Guardian Investigative Journalism
- Sun, 16 Apr 2017 06:00:23 +0000: Investigative reporting is alive and well – and the prizes prove it - Investigative journalism | The Guardian
From Moldova’s global steroid ring to corporate pollution in Iowa, newspapers across the world are, even today, exposing hundreds of stories
Mr Rupert Murdoch is no fan of Pulitzer prizes. Not because the award-givers don’t shower honours on the Murdoch press – though they don’t – but because Pulitzer puts traditional, complex investigation first, leaving stories that sell in big numbers far behind. In short, a distraction to the business of making journalism pay.
Which is, of course, a valid enough criticism of this year’s most feted gong to the tiny local Storm Lake Times in Iowa, for taking on corporate giants such as Monsanto over the ruination of local water supplies. (Though it’s a pity the courts didn’t crown that campaign in victory.) Maybe the New York Times won plenty as usual and the Washington Post’s man on the road with Trump dug deep for glory, but this was essentially a year when smaller guys – from papers like the East Bay Times in Oakland, California, and the Gazette-Mail in Charleston, West Virginia had their moments of glory.Continue reading...
- Wed, 15 Mar 2017 11:13:07 +0000: This tax leak is a start – now let’s see the rest of Trump’s finances | Richard Wolffe - Investigative journalism | The Guardian
Revelations about the president’s 2005 return prompted White House fury – but they’re true to his leadership style of mixing personal and business interests
Praise the lord. We now know about Donald Trump’s finances from more than a decade ago. This is what passes for progress in the era of a president who promised to be the most ethical, most popular and most successful commander-in-chief ever.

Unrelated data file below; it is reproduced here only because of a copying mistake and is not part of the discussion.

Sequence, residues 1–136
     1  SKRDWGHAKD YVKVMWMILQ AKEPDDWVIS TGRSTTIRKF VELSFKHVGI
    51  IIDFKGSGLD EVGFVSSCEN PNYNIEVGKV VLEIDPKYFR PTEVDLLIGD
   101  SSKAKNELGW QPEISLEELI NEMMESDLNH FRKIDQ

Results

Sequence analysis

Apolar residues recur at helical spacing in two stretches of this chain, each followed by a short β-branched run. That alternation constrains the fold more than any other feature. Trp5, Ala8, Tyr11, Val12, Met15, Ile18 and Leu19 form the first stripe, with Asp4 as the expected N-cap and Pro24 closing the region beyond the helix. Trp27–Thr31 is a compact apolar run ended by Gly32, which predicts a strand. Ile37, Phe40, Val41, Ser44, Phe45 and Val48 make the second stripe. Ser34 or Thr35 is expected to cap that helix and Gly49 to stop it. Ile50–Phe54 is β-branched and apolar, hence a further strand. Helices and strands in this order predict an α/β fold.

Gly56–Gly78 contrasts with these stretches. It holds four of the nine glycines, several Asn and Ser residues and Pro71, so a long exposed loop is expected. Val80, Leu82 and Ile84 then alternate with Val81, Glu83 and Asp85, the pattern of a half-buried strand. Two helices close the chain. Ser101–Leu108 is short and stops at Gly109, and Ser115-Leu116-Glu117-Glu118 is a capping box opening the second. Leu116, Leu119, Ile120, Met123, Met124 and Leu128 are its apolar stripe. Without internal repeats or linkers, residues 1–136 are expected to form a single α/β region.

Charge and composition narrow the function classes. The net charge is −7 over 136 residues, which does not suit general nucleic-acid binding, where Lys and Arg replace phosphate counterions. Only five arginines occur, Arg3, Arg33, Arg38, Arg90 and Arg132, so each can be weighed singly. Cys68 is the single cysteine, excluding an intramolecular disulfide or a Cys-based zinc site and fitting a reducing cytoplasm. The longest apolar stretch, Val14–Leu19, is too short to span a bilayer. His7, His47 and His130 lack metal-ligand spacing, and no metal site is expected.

Then again, he also promised to forego his presidential salary, protect everyone’s healthcare and forego all new business deals. He may as well have promised to put a unicorn in every pot.Continue reading...
- Sun, 19 Feb 2017 07:00:02 +0000: Beware, whistleblowers: officials still love secrets more than freedom - Investigative journalism | The Guardian
The draconian mooted revamp of the Official Secrets Act is another reminder to be wary of any press regulator under the control of parliament
It seems an odd, indeed ludicrous, moment to talk official secrecy when Trump and co are engaged in full-blown hostilities with the CIA, FBI and homeland security amid a tsunami of leaks. But Britain, head down, cloaks and daggers fully mustered, ploughs on regardless as the Law Commission moves to “update” the Official Secrets Act. Just count the reasons for scepticism and apprehension, though.
One is the history, pre-1989 update, of that act itself: a history so grotesquely unfair that a sympathetic jury, raising two fingers to a judge’s summing-up, freed Clive Ponting for exposing how the Belgrano was really sunk – a public interest defence that always has Whitehall hopping with anxiety.Continue reading...
- Mon, 13 Feb 2017 20:27:30 +0000: No 10: Official Secrets Act proposals 'project of previous prime minister' - Investigative journalism | The Guardian
Downing Street vehemently denies claims it plans to outlaw investigative journalism and public interest whistleblowers
The government has attempted to distance itself from claims that a new espionage act would outlaw investigative journalism or whistleblowing in the public interest – describing the proposals as the project of a “previous prime minister”.
As a row erupted over a Law Commission report which suggested that the maximum penalty of two years in prison for leaking official information might be too low when set against 14 years in comparable jurisdictions, Downing Street on Monday night vehemently denied that it was trying to stifle a free press.Continue reading...
- Tue, 10 Jan 2017 12:29:23 +0000: Section 40 - David Cameron's ticking time-bomb under the press - Investigative journalism | The Guardian
How a hapless prime minister failed to deal adequately with the aftermath of the Leveson report and helped to foster deep divisions over newspaper regulation
Surely David Cameron will be remembered as one of the most ham-fisted prime ministers in British history.
For party political (ie, personal) reasons he staged the European Union referendum. After making a hash of the remain campaign, he watched more than half the population defy him by opting for Brexit. Then, with the nation divided, he walked away.Continue reading...